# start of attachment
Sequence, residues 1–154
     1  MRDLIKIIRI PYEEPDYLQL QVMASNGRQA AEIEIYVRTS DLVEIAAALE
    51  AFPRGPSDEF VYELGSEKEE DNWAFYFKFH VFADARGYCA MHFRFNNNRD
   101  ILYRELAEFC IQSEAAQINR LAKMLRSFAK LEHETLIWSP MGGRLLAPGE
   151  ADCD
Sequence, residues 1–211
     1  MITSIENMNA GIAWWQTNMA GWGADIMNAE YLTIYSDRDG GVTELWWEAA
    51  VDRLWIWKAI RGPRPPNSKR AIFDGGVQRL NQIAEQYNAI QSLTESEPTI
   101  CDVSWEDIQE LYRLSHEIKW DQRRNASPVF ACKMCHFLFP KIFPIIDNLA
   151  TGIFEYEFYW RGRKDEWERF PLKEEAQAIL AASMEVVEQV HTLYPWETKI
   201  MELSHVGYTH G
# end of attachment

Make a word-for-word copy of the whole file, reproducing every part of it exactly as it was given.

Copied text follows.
Sequence, residues 1–154
     1  MRDLIKIIRI PYEEPDYLQL QVMASNGRQA AEIEIYVRTS DLVEIAAALE
    51  AFPRGPSDEF VYELGSEKEE DNWAFYFKFH VFADARGYCA MHFRFNNNRD
   101  ILYRELAEFC IQSEAAQINR LAKMLRSFAK LEHETLIWSP MGGRLLAPGE
   151  ADCD
Sequence, residues 1–211
     1  MITSIENMNA GIAWWQTNMA GWGADIMNAE YLTIYSDRDG GVTELWWEAA
    51  VDRLWIWKAI RGPRPPNSKR AIFDGGVQRL NQIAEQYNAI QSLTESEPTI
   101  CDVSWEDIQE LYRLSHEIKW DQRRNASPVF ACKMCHFLFP KIFPIIDNLA
   151  TGIFEYEFYW RGRKDEWERF PLKEEAQAIL AASMEVVEQV HTLYPWETKI
   201  MELSHVGYTH G